History of Chocolate Mousse

Chocolate Mousse Dessert by Chef Jay Bonilla


(pronounced /ˈmus/) is a form of creamy dessert typically made from egg and cream (classically no cream,only egg yolks, egg whites, sugar, and chocolate or other flavorings), usually in combination with other flavors such as chocolate or pureed fruit, although recipes with chicken liver or other savory ingredients also exist. Once only a specialty of French restaurants, chocolate mousse entered into American and English home’s cuisine in the 1960s. Mousse-like desserts in middle America commonly go under designations like “whip.”

Depending on how it is prepared, it can range from light and fluffy to creamy and thick. -(Wikepedia)

Click European Food History to Learn more about other European Foods and Recipes.

Worldwide Cultural Remedies for the Common Cold

As the editor, of the Multi Cultural Cooking Network Iproudly have friends from all walks of life.  While pressing through a cold and sore throat I became aware of the plethora of remedies hitting my face book page.   When Chef Jay Bonilla of our upcoming show En La Cocina Para Mi Amore and executive chef D’Cache in Los Angeles suggested tea with lime, it suddenly dawned on me there is a twist to all this.  Whether mothers, chefs, anthropologist or PhD’s gave me advice it all came from a cultural place of familiarity or generational word of mouth.- Crystal A. Johnson, MCCN Editor.

In a Report from ABC News Health,Dr. Marjorie Mau, chair of the Department of Native Hawaiian Health at the John A. Burns School of Medicine at the University of Hawaii said as a the daughter of a Chinese father and Hawaiian Chinese mother, Mau fondly recalled her mother’s spin on chicken soup, which she loves to this day. It combines chicken in a clear broth, ginger root … and a little bit of whiskey.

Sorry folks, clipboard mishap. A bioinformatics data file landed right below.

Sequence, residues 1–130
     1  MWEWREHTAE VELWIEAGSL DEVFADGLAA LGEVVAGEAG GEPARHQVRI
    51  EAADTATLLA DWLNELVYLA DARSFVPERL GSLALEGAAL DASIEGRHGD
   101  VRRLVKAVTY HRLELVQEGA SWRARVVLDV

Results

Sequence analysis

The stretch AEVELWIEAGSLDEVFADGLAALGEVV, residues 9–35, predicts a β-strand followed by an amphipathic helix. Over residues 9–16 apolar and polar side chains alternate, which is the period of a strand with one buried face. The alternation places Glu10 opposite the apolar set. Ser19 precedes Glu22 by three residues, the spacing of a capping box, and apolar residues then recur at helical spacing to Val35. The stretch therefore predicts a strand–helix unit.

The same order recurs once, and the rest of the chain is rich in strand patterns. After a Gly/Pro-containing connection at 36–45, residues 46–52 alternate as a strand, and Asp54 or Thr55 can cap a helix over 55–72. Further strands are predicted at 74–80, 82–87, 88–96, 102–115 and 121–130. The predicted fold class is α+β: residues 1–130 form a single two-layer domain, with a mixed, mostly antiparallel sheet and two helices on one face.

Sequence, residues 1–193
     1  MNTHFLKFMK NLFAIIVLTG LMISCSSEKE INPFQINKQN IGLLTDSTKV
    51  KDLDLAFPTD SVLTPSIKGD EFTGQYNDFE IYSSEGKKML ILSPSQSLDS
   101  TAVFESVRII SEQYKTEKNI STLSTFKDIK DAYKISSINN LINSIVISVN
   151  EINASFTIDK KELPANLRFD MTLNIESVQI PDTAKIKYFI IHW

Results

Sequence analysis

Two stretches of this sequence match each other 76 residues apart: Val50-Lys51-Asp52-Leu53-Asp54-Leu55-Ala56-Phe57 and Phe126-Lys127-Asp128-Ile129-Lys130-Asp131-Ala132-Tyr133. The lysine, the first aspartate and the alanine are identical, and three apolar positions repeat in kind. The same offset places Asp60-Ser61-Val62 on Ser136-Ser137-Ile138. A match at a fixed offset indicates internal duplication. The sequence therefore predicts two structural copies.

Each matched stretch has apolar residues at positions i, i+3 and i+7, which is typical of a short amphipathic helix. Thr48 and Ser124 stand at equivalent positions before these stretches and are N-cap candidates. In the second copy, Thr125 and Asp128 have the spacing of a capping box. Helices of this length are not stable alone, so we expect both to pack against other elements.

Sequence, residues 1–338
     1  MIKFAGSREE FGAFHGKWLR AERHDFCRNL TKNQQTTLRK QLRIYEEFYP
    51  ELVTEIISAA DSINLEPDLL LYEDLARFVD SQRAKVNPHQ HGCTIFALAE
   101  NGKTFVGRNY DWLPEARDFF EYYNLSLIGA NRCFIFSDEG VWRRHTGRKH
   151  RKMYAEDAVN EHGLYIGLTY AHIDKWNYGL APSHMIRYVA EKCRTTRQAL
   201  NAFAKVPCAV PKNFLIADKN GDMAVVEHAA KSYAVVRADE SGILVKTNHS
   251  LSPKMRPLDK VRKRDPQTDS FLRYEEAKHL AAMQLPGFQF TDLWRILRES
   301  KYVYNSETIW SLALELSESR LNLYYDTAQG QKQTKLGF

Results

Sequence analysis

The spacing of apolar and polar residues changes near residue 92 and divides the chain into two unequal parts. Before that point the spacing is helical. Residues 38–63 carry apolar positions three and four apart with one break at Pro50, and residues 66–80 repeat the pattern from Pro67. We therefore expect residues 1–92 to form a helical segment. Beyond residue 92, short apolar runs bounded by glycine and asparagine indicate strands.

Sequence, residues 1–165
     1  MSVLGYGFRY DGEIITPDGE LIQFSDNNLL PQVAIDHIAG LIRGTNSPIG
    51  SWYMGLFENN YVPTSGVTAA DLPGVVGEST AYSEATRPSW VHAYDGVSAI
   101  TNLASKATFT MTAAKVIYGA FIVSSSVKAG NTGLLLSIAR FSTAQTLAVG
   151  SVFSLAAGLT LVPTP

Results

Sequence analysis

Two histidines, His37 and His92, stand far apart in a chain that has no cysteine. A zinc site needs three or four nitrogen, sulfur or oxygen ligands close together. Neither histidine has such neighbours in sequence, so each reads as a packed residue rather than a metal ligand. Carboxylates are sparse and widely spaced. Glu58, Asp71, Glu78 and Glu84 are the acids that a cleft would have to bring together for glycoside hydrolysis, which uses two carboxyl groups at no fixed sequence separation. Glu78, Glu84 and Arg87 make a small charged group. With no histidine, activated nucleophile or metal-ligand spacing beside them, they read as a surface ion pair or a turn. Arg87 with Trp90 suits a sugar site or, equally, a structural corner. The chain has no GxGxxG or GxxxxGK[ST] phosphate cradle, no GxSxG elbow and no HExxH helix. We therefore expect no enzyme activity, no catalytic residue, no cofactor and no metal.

Chinese people may use folk remedies. These remedies are applied to a wide variety of aliments and may be used for general health maintenance as well. Because colds and flu are usually self-limiting, certain remedies are likely to shorten their course and help alleviate associated symptoms.

Wind-Heat Type Cold and Flu

Foods like peppermint, chrysanthemum, Chinese box thorn, mung beans, lotus leaves, olives, Chinese spinach and spinach are recommended. They are cold or cool in properties, which help to relieve heat symptoms.

Chrysanthemum and peppermint tea: Boil the chrysanthemum (6g) with 400ml of water. When brought to a boil, add in peppermint (3g) and crystal sugar (15g), boil for 2-3 minutes. Take the hot tea twice a day. It helps to relieve symptoms like sore throat, nasal congestion, headache and fever that occur in “heat” type flu.

Cayenne pepper was used by South American Native Americans thousands of years ago. In fact, it has been traced back to as early as 7000 B.C. Natives used it most often as an edible spice; the combination of peppers and cocoa was reserved for royalty only.

  • John Gerard, an herbalist, used the plant to treat ailments of the skin and throat. His contemporaries in England used it to treat all sorts of other ailments, such as indigestion, arthritis and kidney stones.

Cayenne dissolved in water and drunk or gargled, can relieve the symptoms of a sore throat. This is because cayenne peppers contain a great deal of Vitamin C, which acts as an antioxidant. They also contain Vitamin A, which helps avoid mucous membrane infections. Lastly, the pain is lessened by capsaicin, the chemical in peppers. Capsaicin works by reducing a substance that transmits pain signals to the brain.

Cultural Cold Remedies

What MCCN HAS To Offer

In a short period of time you have made MCCN one of the most popular sources for multi-cultural cooking options.  Maybe you just visit us for the recipes but there is so much more to the Multi Cultural Cooking Network including original programs, cultural food history, red carpet coverage, restaurant reviews, dinner and movie reviews.  Check out some of what we have done so far with our year in pictures and we look forward to an exciting 2010 with you!